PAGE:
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48 HOURS
NATION’S OLDEST COLD CASE
Saturday at 9/8c on CBS


WAS A TEENAGER LURED TO HER DEATH BY A SMARTPHONE APP, AND WILL THE NATION’S OLDEST COLD CASE EVER GET SOLVED?

“48 Hours” Investigates in a Saturday Night Double Feature:

9:00 PM – “Cold as Ice”

10:00 PM – “Killer App”

 (L-R) Nicole Lovell and Maria Ridulph

Was a teenager lured to her death through a smartphone app, and will the nation’s oldest cold case ever be solved? 48 HOURS investigates in a Saturday night double feature to be broadcast Saturday, June 3 (9:00 PM and 10:00 PM) on the CBS Television Network.

At 9:00 PM, Erin Moriarty and 48 HOURS report on the investigation into what authorities say was the oldest cold case ever to be prosecuted in the United States, until a recent stunning turn, in an updated encore of “Cold as Ice.” The case tested the memories of witnesses and forced a family to expose dark secrets as part of getting justice for the family of Maria Ridulph, a 7-year-old girl who, in 1957, was snatched from a quiet street in Sycamore, Ill., and found dead five months later. The story raised questions about the statute of limitations for such cases and how long is too long to rely on old information. The case appeared to be solved after 55 years, when police, working from a tip gained through a deathbed confession from the mother of the alleged killer, were led to Jack McCullough. But, in an interview with Moriarty, McCullough said he’s “not a murderer.”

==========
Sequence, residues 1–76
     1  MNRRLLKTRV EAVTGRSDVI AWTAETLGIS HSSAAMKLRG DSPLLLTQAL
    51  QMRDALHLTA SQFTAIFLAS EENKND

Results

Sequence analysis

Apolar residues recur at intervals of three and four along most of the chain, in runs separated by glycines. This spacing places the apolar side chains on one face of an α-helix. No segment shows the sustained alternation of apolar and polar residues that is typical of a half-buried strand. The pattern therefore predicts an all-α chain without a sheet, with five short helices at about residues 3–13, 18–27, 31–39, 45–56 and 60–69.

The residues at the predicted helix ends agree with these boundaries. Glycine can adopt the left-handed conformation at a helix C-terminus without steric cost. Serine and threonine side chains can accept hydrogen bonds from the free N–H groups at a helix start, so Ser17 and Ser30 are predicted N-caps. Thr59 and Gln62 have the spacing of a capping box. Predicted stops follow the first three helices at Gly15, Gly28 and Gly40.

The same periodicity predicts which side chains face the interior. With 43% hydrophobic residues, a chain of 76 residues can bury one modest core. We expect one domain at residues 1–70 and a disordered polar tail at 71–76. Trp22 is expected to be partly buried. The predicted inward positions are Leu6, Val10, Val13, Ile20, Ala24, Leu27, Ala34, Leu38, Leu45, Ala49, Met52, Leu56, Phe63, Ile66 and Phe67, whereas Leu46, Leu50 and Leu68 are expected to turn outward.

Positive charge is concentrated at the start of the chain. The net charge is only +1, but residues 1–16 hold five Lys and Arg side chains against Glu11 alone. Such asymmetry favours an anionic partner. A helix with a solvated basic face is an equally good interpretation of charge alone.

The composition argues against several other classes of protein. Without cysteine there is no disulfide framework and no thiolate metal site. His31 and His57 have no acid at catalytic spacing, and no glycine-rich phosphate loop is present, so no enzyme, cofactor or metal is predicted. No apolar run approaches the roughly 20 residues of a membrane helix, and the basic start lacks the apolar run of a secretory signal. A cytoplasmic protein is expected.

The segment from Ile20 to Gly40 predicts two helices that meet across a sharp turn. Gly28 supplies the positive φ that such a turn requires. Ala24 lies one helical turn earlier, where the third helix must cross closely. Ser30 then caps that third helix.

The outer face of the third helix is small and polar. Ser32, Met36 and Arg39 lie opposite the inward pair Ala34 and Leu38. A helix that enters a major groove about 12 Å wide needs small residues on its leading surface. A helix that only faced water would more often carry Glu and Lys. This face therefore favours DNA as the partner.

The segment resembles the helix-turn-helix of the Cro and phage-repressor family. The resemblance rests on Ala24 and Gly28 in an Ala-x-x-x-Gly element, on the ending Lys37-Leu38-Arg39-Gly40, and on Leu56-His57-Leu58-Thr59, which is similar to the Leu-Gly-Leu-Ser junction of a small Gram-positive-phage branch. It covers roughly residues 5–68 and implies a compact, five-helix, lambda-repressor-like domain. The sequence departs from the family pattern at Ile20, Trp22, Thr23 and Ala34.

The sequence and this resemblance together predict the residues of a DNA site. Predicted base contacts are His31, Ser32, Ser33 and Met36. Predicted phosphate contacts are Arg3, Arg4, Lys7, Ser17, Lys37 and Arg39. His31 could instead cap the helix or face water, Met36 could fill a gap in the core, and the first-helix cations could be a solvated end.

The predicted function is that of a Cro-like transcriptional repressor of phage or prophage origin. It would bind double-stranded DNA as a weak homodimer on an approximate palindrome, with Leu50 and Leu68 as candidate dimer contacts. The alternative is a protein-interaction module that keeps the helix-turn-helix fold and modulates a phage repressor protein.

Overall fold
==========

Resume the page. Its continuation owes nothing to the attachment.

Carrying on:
At 10:00 PM, Peter Van Sant and 48 HOURS investigate the death of 13-year-old Nicole Lovell and how her killer found the vulnerable teen on the popular chat app Kik in an encore of “Killer App.” Lovell, 13, signed on to Kik looking for a friend. With a few swipes on her smartphone, Lovell became a victim of the occasionally dangerous world of anonymous online friending, where predators hunt for victims by using fake names and profiles. In this case, the killer and the accomplice were the most likely predators: college students. The broadcast also focuses on a Spokane, Wash., family that found their daughter was communicating with a 30-year-old man online and planning to run off that night. What the parents did might shock some – but to them, it was a matter of life or death.

The broadcast examines how parents, thanks to so-called “parent-proof” chat platforms, often don’t know what their kids are doing on their phones, laptops, tablets or computers, until something goes wrong. “We take online safety very seriously, and we’re constantly assessing and improving our trust and safety measures,” Kik officials said in a statement to 48 HOURS. “Nicole Lovell suffered a terrible tragedy, and our sincere condolences continue to go out to her family. Since the time of the incident, Kik has taken a variety of proactive measures to help increase safety on our platform.”

48 HOURS: “Cold As Ice” is produced by Judy Rybak, Greg Fisher, and Peter Henderson. Claire Anderson and Emily Wichick are the associate producers. David Franklin is the producer-editor. Maria Barrow and Richard Barber are the editors. Linda Martin is the update producer. Al Briganti is the executive editor. Susan Zirinsky is the senior executive producer.

48 HOURS: “Killer App” is produced by Josh Yager. Emily Wichick is the field producer. Gabriella Demirdjian is the associate producer. Michael McHugh is the producer editor. Marcus Balsam and Mike Baluzy are the editors. Linda Martin is the update producer. Peter Schweitzer is the senior producer. Susan Zirinsky is the senior executive producer.

Follow 48 HOURS on Twitter, Facebook and on Instagram. Listen to 48 HOURS podcasts at Play.it.

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